The shape and contents of pillows have varied little over time. The wealthier Greeks rested their heads and feet upon richly embroidered cushions and bolsters. The Egyptians, regarding the head as the seat of life, lavished much attention, detail, and money on pillows for the dead. The Chinese, however, thought that soft pillows robbed the body of vitality, and their pillows were made of wood, leather, and ceramic materials. Some were even filled with herbal remedies to cure disease, turn white hair black, restore lost teeth, and inspire sweet dreams.
For centuries, people slept fairly upright with not only a pair of pillows on the bed but a large, cylindrical bolster as well. These bolsters, sometimes nearly the width of the bed, were stuffed with down or some other type of batting and closed up. They were placed against the headboard and were the foundation for the pillows. Then, a pair of pillows was placed upright against the bolster. The sleeper would prop himself up against these pillows, resulting in a sleeping position that was closer to sitting than reclining. Until about the mid-1800s it was thought this position was better for the body.
Other fancy pillows were found on beds of the nineteenth and early twentieth centuries. Sometimes large, square pillows were placed within a decorative pillow cover and then placed against the pillows actually used for sleeping on a bed. These were often removed from the bed before sleep. Until cotton became easy to obtain around 1840, American women showed their needlework prowess by carefully hand weaving and sewing linen pillow cases and marking them with their initials and the number the case was within a set of pillow cases. As the American textile industry flourished throughout the 1800s, covers for pillows (which housed the stuffing) went from utilitarian linen to the sturdy cotton ticking, still seen on pillows and in fabric stores.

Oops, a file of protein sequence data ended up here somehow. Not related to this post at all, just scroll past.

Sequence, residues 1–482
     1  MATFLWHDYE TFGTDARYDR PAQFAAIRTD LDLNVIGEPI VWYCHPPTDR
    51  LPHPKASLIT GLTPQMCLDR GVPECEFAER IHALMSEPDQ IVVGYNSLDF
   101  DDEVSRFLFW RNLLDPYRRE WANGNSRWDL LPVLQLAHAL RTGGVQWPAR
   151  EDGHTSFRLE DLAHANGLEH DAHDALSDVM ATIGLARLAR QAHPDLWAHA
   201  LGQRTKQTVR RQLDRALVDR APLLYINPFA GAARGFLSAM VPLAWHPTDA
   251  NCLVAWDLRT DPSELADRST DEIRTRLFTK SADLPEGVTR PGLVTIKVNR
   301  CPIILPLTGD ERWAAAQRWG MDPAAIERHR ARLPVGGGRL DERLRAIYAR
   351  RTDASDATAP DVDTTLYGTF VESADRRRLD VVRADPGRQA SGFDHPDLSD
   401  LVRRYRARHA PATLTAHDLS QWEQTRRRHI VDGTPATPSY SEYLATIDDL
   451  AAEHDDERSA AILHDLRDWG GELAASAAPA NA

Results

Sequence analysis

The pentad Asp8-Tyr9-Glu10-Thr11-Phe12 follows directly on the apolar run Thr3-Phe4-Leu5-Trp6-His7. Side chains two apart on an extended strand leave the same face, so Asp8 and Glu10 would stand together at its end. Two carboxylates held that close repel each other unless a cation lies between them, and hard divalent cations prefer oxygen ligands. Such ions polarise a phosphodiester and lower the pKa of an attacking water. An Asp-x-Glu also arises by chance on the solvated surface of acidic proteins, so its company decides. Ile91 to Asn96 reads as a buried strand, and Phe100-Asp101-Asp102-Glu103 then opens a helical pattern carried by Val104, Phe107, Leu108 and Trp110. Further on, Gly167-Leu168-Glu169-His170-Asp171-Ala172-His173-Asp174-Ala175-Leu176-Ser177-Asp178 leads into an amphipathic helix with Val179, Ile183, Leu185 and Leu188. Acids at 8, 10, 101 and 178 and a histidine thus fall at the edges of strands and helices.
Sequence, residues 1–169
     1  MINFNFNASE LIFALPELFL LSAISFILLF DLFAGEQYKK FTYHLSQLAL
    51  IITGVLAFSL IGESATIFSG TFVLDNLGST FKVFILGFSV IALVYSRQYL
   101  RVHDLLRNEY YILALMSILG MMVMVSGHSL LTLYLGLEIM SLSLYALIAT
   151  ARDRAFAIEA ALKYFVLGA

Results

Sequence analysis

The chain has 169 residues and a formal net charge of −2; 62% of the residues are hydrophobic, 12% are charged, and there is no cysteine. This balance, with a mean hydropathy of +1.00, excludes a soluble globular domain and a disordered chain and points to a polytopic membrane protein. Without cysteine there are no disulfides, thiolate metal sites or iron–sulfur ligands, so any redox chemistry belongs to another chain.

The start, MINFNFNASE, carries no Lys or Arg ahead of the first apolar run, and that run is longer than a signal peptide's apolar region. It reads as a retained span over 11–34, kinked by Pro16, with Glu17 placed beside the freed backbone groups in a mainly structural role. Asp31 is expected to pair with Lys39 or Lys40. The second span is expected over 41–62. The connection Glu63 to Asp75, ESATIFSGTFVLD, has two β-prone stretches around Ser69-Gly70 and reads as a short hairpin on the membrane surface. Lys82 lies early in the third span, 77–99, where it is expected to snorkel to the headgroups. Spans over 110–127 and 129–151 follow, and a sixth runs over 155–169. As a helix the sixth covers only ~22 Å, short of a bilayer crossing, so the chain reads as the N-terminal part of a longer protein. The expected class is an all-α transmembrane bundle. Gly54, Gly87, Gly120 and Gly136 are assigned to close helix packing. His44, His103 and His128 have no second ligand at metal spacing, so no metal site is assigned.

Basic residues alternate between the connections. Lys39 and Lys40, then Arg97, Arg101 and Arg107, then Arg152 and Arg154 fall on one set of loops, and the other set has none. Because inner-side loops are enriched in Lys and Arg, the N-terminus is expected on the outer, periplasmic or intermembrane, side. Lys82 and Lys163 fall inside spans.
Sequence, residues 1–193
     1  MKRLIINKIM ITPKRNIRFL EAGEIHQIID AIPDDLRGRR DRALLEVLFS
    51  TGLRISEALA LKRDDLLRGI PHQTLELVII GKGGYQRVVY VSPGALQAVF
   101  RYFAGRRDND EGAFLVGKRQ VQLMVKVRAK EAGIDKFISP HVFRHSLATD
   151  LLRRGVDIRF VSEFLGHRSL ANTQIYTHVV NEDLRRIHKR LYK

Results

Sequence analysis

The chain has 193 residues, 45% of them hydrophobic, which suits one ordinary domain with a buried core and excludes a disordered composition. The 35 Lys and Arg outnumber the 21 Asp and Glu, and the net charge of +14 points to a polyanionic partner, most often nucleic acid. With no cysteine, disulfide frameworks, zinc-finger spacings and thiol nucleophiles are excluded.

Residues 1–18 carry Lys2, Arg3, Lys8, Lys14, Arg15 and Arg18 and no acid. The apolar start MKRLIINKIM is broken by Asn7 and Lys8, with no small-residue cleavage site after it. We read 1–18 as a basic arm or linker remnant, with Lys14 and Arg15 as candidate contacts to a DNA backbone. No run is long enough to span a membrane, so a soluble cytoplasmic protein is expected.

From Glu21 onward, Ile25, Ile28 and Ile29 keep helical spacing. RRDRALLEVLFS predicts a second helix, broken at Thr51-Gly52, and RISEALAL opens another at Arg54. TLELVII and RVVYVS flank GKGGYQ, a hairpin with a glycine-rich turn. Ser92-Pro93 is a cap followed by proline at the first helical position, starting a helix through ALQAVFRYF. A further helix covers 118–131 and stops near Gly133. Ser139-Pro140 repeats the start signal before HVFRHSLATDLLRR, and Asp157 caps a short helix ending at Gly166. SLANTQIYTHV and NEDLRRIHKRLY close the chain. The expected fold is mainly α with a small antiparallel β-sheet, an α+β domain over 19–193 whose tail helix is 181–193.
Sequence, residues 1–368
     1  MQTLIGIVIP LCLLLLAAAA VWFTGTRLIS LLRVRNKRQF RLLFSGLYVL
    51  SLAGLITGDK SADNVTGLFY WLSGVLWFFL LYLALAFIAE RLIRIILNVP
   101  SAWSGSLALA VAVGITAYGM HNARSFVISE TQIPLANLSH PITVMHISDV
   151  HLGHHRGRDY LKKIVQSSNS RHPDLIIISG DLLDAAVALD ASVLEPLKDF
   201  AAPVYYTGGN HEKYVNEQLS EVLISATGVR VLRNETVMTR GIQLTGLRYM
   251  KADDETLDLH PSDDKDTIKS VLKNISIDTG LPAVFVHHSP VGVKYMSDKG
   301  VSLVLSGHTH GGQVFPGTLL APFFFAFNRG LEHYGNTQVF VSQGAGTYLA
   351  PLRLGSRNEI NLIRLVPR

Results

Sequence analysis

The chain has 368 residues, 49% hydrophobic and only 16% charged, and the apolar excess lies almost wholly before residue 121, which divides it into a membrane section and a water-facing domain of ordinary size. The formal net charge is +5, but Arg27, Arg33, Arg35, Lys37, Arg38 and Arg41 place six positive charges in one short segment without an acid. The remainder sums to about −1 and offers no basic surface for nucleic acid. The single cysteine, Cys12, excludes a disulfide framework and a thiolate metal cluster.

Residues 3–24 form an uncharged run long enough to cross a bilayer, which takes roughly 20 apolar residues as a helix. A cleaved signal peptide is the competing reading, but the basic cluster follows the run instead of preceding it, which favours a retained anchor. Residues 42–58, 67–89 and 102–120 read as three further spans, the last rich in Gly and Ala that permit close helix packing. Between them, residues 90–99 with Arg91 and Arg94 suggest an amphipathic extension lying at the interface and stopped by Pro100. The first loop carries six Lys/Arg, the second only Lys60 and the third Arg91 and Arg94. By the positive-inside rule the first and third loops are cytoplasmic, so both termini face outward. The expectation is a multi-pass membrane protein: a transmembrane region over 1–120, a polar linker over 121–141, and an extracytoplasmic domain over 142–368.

The traditional filler for pillows was, until recently, down and feather. However, as fabrics changed, so too did yarns. Synthetic polyester filling has replaced natural batts as it is has acceptable loft and shape retention, is relatively inexpensive, may be washed, and few people are allergic to it.